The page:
Editorial

Flood fury in Kashmir

As Jammu and Kashmir reels under possibly the worst floods in nearly six decades, and as the toll in terms of lives, property and crops mounts, the question that looms large is whether timely warnings had been issued and measures initiated to let people take evasive action on time. Even admitting that this was a “flash flood” caused by a retreating monsoon, the issue of whether systems to see such disasters coming, with the aid of technology, including real-time upstream monitoring mechanisms and space-based mapping processes, have been laid in place, comes to the fore. These posers are particularly relevant as the region has been buffeted in successive years by serious floods in rivers that have their headwaters in the Himalayan mountain ranges. That there was no warning issued before the water level rose almost overnight along the Jhelum — that flows across the Kashmir basin — has been more or less confirmed from media reportage. The extent of the deluge could be gauged from the fact that some 2,500 villages have been partially or completely submerged. Thousands of people were stranded on rooftops and waiting to be rescued as day broke on Sunday in Srinagar — where even the Army cantonment, the Civil Secretariat, the police headquarters and the High Court were seriously inundated. The Jammu region accounts for most of the deaths so far. Equally bad was the situation in the Pakistan-occupied part of Kashmir across the Line of Control, as also in the Punjab province and Gilgit-Baltistan. Prime Minister Narendra Modi made an aerial survey of the scene on the Indian side and termed it a “national-level disaster”; across the border, Prime Minister Nawaz Sharif did an aerial assessment. Both were quick to offer mutual help to mitigate the suffering.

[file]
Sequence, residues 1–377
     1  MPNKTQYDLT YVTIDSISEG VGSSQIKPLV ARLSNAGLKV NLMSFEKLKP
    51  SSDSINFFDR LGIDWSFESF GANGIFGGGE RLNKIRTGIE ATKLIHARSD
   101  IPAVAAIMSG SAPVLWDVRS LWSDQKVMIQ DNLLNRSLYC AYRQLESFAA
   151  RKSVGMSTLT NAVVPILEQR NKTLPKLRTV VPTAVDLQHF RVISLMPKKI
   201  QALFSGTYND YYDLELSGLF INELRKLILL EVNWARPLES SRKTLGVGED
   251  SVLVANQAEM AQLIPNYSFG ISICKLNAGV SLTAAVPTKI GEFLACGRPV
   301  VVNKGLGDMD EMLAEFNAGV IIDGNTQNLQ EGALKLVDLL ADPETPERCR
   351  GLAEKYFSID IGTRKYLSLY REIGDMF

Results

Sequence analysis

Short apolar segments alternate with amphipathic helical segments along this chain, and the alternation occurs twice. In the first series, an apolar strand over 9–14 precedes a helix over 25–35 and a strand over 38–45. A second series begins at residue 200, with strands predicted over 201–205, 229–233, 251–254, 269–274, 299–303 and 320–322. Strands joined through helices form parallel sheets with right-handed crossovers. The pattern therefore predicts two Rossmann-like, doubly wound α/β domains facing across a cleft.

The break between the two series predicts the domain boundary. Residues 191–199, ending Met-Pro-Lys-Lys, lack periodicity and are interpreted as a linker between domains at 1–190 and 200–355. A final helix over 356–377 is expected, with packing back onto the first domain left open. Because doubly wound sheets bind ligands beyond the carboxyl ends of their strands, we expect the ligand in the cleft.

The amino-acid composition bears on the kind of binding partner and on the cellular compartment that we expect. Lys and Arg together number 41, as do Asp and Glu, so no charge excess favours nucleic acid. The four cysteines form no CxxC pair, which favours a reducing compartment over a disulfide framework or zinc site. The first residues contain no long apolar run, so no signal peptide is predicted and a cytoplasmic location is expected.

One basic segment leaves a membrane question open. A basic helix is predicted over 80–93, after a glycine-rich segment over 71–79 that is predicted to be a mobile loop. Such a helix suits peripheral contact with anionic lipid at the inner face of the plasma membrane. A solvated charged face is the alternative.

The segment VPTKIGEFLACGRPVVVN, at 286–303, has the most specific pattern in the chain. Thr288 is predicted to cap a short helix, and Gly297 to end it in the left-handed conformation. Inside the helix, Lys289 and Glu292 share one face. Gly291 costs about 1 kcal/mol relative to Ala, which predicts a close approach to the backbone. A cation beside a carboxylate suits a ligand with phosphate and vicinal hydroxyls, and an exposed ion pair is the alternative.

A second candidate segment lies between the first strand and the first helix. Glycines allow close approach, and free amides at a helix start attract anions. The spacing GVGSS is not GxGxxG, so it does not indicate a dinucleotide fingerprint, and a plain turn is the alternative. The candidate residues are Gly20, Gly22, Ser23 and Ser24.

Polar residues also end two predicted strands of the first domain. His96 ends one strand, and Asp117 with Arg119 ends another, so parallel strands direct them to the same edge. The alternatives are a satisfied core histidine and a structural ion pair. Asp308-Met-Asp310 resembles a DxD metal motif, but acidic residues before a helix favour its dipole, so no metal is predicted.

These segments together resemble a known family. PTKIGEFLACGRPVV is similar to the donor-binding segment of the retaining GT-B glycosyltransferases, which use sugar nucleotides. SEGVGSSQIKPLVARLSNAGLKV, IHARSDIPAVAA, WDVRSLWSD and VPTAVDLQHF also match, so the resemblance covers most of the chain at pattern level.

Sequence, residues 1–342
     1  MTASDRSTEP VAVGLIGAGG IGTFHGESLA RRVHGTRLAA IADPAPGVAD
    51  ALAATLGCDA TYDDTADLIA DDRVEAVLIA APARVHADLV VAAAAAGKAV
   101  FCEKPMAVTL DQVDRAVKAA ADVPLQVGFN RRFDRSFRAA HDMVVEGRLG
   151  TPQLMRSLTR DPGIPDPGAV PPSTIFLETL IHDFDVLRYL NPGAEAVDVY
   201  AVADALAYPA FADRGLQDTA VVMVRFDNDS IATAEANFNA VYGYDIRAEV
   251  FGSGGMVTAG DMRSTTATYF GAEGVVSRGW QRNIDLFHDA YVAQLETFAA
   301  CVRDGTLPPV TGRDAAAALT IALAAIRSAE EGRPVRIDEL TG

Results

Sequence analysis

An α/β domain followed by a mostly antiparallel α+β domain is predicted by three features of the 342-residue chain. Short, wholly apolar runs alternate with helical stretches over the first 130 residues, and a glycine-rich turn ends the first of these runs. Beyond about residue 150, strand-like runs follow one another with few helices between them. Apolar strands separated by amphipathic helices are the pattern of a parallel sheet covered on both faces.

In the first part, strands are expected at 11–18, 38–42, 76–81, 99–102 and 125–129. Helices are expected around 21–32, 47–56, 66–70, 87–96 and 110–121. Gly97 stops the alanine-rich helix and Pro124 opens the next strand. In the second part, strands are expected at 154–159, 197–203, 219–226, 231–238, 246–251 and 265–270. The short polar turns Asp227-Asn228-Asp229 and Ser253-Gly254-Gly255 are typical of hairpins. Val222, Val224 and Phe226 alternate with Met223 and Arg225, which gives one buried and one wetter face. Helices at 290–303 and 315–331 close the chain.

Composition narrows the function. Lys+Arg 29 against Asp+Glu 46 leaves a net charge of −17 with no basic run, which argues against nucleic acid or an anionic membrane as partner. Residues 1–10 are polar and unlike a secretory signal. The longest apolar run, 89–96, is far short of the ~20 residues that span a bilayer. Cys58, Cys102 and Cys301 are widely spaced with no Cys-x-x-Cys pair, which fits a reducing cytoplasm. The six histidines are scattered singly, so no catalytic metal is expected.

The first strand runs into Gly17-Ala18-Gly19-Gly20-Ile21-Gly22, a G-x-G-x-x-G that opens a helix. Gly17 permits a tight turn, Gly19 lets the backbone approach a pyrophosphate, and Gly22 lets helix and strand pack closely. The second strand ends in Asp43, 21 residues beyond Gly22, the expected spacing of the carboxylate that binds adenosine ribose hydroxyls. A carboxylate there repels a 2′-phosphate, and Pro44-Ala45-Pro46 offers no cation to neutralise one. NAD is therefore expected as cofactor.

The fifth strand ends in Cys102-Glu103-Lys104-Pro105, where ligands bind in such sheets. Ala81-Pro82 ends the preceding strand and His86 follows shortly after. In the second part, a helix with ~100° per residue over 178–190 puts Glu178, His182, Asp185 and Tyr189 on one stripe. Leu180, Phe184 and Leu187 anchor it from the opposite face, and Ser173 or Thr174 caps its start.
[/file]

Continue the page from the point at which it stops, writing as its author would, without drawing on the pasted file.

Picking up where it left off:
The calamity has come during the build-up to elections in the State due by the end of the year. But it is to be hoped that political differences are put aside, and the temptation to indulge in blame-games and score brownie points is avoided, as full-scale efforts to reach rescue and rehabilitation to all the affected persons and regions are mounted by putting every shoulder to the wheel. For the State government led by Chief Minister Omar Abdullah, this could be an opportunity to prove its mettle. The tasks are stupendous. Those who have lost their dwellings need to be helped to rebuild them or find alternative accommodation. Livelihood issues need to be addressed. Infrastructure including power and communication links need to be restored quickly. The National Disaster Response Force is active on the scene, and the Army, the Navy and the Indian Air Force are at work. Even as all this is done, long-term plans to forewarn and protect the region that has been ravaged repeatedly by the vagaries of Himalayan floods need to be given top priority.


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Printable version | Jun 17, 2021 9:12:47 AM | https://www.thehindu.com/opinion/editorial/editorial-flood-fury-in-kashmir/article6391837.ece

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